Wednesday, August 15, 2007

In Which I Finish a Book of Poems I love Linda Pastan’s poetry. To choose only one poem from The Last Uncle would be a challenge, at best. Truth is, it is nearly impossible. While I didn’t love every poem, I liked almost every one of them. The few that I loved were ones that were especially true for me. Which is what is so remarkable about reading her poetry. Pastan’s life is so removed from my own and yet the emotional integrity of her writing resonates far beyond her own experiences. When she writes about traveling to places I have never seen, I still find myself understanding her sense of isolation. Her exploration of her daily life may not be similar to mine but the ritual of existence is something I recognize. With all that said, here are three poems from the collection. One is a fragment of a longer poem. I know I said I would share one poem from each collection I finished, one poem I especially liked but this time . . . well, I made a rule for myself. Now I’m breaking it. In the Garden I tell my dog to sit and he sits and I give him a biscuit. I tell him to come and he comes and sits, and I give him a biscuit again. I tell him to Lie Down! and he sits looking up at me with trust and adoration. I pause. I give him a biscuit. This is the beginning of love and disobedience. I was never meant to be a God. September (from The Months) Their summer romance over, the lovers still cling to each other the way the green leaves cling to their trees in the strange heat of September, as if this time there will be no autumn White Lies When I swore, then, that I loved you, I wasn’t sure I meant it, though I mean it now. And when you said “forever,” you knew the future was bearing down on us, its brakes worn out, completely out of control. In love’s unblinking perjury, fact and fiction smile and embrace— identical twins, separated at birth. You say I still look beautiful. I say we’ll always be together.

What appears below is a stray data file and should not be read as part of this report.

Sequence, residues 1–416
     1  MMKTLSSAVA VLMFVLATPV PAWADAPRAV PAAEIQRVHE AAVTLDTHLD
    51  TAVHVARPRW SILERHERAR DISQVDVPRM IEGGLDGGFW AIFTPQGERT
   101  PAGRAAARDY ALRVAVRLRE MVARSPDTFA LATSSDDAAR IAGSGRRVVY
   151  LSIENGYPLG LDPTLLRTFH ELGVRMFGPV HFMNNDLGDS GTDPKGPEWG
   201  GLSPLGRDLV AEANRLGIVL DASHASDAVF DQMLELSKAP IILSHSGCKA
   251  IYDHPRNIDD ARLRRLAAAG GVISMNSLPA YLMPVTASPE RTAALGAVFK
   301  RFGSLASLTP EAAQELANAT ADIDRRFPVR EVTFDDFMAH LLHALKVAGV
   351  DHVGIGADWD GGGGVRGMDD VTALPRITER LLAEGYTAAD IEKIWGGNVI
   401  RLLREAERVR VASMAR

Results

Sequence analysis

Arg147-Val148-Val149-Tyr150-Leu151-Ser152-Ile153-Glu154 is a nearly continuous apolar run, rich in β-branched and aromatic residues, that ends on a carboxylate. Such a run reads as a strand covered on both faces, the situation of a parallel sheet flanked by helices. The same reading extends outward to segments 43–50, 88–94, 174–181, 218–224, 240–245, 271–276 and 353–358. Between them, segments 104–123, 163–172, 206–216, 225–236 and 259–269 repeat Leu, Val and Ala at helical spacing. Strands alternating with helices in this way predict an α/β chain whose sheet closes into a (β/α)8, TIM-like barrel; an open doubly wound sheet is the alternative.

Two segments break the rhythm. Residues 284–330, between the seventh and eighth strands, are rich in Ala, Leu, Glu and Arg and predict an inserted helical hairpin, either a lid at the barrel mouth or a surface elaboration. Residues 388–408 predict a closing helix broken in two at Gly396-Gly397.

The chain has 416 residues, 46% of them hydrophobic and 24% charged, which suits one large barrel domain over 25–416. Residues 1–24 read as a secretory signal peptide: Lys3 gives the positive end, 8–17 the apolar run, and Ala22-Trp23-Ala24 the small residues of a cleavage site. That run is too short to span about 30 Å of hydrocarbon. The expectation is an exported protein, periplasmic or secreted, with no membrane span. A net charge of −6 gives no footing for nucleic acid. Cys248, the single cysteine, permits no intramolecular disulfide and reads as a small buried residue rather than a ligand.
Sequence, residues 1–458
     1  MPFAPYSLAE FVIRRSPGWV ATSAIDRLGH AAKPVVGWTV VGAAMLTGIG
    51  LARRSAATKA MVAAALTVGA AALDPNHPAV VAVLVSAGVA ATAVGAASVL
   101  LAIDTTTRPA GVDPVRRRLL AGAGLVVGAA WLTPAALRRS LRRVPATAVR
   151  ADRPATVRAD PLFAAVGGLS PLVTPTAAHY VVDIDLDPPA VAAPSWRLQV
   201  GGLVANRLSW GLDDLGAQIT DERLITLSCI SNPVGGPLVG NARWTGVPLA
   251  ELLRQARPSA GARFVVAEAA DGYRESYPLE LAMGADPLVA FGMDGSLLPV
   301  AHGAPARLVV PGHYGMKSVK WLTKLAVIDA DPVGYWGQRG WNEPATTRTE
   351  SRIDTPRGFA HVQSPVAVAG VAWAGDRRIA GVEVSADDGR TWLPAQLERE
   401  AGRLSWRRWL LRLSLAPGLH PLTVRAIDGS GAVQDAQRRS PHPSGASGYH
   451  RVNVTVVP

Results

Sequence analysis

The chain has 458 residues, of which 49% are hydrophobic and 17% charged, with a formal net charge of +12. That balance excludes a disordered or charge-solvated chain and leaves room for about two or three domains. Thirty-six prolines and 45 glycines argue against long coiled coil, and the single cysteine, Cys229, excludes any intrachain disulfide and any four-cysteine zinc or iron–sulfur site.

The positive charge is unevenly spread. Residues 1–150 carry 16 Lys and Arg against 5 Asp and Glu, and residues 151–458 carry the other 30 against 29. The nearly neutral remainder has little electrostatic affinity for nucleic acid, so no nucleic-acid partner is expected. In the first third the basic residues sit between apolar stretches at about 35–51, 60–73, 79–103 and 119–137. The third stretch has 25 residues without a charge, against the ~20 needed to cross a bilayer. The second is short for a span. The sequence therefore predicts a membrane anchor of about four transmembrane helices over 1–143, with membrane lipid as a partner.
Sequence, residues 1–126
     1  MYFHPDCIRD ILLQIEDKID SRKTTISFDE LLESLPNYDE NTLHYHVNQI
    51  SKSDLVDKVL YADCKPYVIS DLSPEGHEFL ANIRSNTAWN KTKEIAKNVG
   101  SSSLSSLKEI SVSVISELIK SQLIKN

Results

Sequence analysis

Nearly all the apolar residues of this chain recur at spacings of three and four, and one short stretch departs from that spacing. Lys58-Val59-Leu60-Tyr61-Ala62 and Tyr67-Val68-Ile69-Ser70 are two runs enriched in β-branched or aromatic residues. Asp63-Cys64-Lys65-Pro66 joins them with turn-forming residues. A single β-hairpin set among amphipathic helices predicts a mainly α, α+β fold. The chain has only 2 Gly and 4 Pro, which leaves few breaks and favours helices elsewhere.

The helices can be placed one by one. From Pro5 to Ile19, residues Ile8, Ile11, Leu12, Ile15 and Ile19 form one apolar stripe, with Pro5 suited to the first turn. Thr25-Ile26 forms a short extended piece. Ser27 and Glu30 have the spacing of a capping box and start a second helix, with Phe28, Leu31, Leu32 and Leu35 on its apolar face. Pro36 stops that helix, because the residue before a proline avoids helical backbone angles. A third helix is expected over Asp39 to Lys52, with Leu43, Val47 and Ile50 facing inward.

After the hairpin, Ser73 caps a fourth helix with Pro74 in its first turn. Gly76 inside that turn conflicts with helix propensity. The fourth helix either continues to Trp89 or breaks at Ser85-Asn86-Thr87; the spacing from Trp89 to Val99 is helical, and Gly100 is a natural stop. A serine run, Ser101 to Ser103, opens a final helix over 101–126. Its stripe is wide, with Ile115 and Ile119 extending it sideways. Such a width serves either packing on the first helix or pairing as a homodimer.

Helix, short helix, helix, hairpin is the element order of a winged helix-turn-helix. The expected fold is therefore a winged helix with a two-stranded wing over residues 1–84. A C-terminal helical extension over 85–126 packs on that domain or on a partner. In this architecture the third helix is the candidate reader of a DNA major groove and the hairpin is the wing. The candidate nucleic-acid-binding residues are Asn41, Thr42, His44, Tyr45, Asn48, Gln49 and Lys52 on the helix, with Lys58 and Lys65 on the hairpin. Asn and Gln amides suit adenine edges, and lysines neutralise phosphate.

Tuesday, August 14, 2007

The Undead and Philosophy ed by Richard Green and K SilemMohammad

In Which I Finish Reading a Book
Our internet was down so this post and two others are waiting in the wings to be posted. Which is probably a good thing. Now I can just sit back and post back written posts until I catch up with the housework. I had a bad vertigo weekend and am still not feeling strong but I have to do something before I get buried under the piles in some random never before seen earthquake in Georgia.


I finished reading The Undead and Philosophy: Chicken Soup for the Soulless edited by Richard Green and K. Silem Mohammad. I should confess that I do not particularly like scary movies. I think most of them rely more on shock and gore than true suspense and fright. My ex husband, on the other hand, loved horror movies. He was especially fond of George Romero’s zombie movies and we owned the trilogy (there has since been a fourth movie made) on vhs. If I had my choice I would have preferred watching vampire movies. Not that I didn’t enjoy watching the zombie movies occasionally. I especially enjoyed the sardonic ones, the zombie movies that were designed to mock themselves. Night of the Comet. Return of the Living Dead. And, more recently, Shawn of the Dead.